The Clock Café Chalet Beachfront project was implemented to repair and reinstate damage caused by a significant retaining wall collapse in 2013, which left a row of Grade II listed beach huts at risk of complete collapse, and ultimately lead to their demolition. The client developed a design solution to reconstruct the wall, which was put out to tender, following which the popular huts would be replaced with new ones.

CAN proposed an alternative value engineered design at tender stage, enhancing the original solution whilst improving buildability. The alternative solution was to replace the cast in-situ concrete retaining wall element with a more cost-effective option that would have less impact during the construction phase. This consisted of a hybrid geogrid reinforced soil retaining structure and rebuilt facing to the wall, backfilled with compacted fill.

This required excavating the old wall to create a 3m width to construct the new wall within, stabilising this new slope with soil nails installed up to 8m deep into the face. The soil nails were installed top down as excavation progressed, increasing stability to reduce the risk of any further slippage, and linked to the layers of geogrid allowing the soil nails to contribute to the long term stability, in addition their temporary role in stabilising the face. The new wall facing was selected to closely colour match the existing old stone walls.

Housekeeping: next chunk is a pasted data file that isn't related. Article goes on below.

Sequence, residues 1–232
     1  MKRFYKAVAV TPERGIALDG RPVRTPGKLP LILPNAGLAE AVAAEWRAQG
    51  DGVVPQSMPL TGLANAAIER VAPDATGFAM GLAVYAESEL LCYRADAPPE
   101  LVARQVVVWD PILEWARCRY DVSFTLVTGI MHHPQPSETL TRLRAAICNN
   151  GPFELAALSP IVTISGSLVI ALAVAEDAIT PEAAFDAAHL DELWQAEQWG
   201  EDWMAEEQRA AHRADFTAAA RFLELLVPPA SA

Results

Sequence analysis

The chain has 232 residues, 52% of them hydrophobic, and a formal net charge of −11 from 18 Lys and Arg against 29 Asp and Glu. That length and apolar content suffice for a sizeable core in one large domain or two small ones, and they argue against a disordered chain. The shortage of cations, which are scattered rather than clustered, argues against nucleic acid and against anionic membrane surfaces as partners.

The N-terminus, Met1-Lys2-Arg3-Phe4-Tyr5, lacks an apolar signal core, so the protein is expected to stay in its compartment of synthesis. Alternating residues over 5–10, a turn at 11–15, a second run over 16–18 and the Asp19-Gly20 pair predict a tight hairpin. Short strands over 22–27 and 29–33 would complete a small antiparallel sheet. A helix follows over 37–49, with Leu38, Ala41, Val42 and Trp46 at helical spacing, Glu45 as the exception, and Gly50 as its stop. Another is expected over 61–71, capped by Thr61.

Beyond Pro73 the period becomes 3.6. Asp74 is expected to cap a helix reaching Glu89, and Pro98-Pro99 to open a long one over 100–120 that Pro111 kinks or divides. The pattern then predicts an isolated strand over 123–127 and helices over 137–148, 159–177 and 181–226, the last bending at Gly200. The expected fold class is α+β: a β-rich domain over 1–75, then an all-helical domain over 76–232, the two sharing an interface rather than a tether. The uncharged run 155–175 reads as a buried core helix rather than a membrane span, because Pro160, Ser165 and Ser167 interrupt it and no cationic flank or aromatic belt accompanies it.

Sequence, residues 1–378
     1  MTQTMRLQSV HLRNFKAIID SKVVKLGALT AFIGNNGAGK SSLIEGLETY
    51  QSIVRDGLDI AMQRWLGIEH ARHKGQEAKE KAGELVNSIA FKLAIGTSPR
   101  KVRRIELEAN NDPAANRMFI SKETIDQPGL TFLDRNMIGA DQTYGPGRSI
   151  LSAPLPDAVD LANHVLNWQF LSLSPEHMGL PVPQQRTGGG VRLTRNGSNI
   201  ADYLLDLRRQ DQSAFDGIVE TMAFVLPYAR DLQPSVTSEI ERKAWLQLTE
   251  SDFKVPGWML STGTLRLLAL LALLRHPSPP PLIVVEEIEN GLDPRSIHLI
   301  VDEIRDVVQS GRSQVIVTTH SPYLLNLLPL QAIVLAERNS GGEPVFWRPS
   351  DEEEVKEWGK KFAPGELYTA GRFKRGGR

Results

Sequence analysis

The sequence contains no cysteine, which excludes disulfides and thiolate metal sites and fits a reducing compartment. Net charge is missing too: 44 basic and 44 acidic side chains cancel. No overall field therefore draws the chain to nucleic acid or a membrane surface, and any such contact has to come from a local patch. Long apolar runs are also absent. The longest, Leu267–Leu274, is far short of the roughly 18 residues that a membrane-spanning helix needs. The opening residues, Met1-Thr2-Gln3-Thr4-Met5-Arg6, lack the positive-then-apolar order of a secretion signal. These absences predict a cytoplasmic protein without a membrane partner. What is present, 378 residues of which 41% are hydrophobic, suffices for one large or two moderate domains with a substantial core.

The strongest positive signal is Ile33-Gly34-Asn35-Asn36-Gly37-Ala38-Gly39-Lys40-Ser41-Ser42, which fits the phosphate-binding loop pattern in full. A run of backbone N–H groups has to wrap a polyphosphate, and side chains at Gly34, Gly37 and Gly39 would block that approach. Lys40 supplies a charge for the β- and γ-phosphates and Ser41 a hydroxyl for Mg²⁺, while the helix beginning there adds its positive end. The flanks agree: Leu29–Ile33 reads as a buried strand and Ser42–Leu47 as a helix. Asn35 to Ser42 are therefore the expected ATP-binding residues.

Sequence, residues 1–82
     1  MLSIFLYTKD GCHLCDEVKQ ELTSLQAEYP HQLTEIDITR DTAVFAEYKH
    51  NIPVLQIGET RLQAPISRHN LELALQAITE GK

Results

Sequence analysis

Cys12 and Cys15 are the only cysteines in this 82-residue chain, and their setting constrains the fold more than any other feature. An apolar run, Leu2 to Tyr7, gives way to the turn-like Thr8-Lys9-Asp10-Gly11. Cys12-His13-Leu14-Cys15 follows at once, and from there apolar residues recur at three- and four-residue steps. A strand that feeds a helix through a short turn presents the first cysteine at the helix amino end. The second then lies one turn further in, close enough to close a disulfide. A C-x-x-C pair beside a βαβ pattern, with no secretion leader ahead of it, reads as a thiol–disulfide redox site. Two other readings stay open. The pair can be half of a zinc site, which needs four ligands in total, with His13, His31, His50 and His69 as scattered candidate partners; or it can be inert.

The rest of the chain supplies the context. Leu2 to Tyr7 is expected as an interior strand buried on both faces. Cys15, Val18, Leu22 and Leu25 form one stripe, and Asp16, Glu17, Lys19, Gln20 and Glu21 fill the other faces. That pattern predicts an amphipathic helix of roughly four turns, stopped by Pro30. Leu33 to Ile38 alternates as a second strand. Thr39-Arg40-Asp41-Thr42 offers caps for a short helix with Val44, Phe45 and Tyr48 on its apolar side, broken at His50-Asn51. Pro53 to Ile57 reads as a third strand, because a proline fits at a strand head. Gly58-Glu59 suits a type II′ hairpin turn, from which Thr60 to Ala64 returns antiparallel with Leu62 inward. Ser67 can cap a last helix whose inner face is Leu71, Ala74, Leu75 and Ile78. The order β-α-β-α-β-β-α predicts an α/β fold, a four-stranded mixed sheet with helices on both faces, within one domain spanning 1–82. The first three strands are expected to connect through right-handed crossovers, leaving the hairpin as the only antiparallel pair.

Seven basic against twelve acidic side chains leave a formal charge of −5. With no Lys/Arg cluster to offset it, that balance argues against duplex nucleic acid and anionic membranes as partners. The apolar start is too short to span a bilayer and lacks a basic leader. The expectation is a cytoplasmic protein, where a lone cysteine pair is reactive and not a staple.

As Principal Contractor CAN also delivered the minor civils elements of the scheme, consisting of initial site clearance, removal of existing sewer and drainage systems, clearance of Japanese knotweed, excavation of slipped material and removal of the existing fences, access roads and footpaths. As part of the completion works CAN installed new drainage and sewer systems, tying into the existing sewerage which was also relined, reinstated the access road and footpaths and completed landscaping to return the site to former glory.

Duration:   20 weeks

Client:         Scarborough Borough Council

Location:    Scarborough